Compared with Swiss 3T3 cells transfected with Sicontrol, the cells transfected with SiSmoc2 oligonucleotide duplexes showed no significant change in phospho-MAPK and phospho-AKT levels[44-47]. Unlike the results in Swiss 3T3 cells, our results indicated that Smoc2 had promotive influence on MAPK/ERK and AKT signaling pathways in HCC cells. MAPK/ERK and AKT are identified as PDGF β receptor effector kinases and positively regulate the expression of cyclin D1. Therefore, we speculated that Smoc2 could potentiate PDGF-induced mitogenesis and the subsequent cell proliferation. Nevertheless, another study based on Swiss 3T3 cells showed that the promotion of Smoc2 in DNA synthesis was independent of PDGF-binding activity but dependent on integrin-activated protein kinase.
Previous studies revealed that Smoc2 promotes growth factor-induced DNA synthesis and differs from SPARC, which was identified as an anti-mitogenic factor. It was reported that SPARC could bind various kinds of mitogens (such as VEGF, PDGF, FGF and so on) but inhibit the signaling mediated by these growth factors. Unlike SPARC, Smoc2 could facilitate growth factor-induced DNA synthesis. The exact mechanism of how Smoc2 promotes growth factor-induced DNA synthesis in HCC cells remains unclear and needs to be studied further.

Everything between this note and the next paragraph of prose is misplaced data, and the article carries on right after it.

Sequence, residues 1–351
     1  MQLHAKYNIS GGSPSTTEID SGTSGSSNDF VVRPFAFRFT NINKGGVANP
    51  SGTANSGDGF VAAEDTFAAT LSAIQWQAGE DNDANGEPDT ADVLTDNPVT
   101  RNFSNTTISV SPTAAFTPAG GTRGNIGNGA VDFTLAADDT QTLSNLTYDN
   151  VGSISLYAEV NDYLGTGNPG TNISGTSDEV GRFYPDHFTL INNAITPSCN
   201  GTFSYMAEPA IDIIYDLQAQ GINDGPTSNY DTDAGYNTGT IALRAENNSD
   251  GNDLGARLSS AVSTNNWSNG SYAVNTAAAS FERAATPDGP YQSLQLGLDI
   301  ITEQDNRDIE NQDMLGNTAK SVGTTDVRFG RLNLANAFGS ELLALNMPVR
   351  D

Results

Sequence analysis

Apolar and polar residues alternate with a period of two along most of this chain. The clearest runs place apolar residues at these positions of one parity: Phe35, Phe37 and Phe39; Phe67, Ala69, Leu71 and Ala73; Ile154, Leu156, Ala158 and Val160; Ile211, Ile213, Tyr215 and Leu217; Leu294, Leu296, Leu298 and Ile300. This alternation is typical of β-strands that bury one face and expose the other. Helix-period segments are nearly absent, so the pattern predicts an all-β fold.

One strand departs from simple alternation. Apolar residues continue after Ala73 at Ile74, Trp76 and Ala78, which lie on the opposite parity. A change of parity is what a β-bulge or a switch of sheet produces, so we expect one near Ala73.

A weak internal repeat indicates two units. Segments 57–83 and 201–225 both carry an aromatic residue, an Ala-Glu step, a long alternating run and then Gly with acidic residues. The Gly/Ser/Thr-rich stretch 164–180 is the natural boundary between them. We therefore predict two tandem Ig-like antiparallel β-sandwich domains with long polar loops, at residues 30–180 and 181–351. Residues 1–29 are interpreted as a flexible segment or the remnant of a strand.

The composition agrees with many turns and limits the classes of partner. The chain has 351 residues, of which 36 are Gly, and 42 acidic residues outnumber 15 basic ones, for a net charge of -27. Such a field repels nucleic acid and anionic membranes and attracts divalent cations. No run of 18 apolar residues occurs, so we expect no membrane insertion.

Our research focused on the proliferation promotion effect of Smoc2 in HCC cells. However, Smoc2 also has influence on cell migration. It has been reported that extracellular matrix protein Smoc2 can promote keratinocyte migration in vitro. Accordingly, the role of Smoc2 on HCC cell migration and invasion need to be further studied. The influences of Smoc2 on HCC cell biological behaviors may be extensive.
In conclusion, our results demonstrated that Smoc2 is an important regulator of cell mitogenesis, and plays a promotive role in growth factor signaling and cell cycle progression in HCC. Based on our study, Smoc2 might represent a promising therapeutic target for HCC treatment.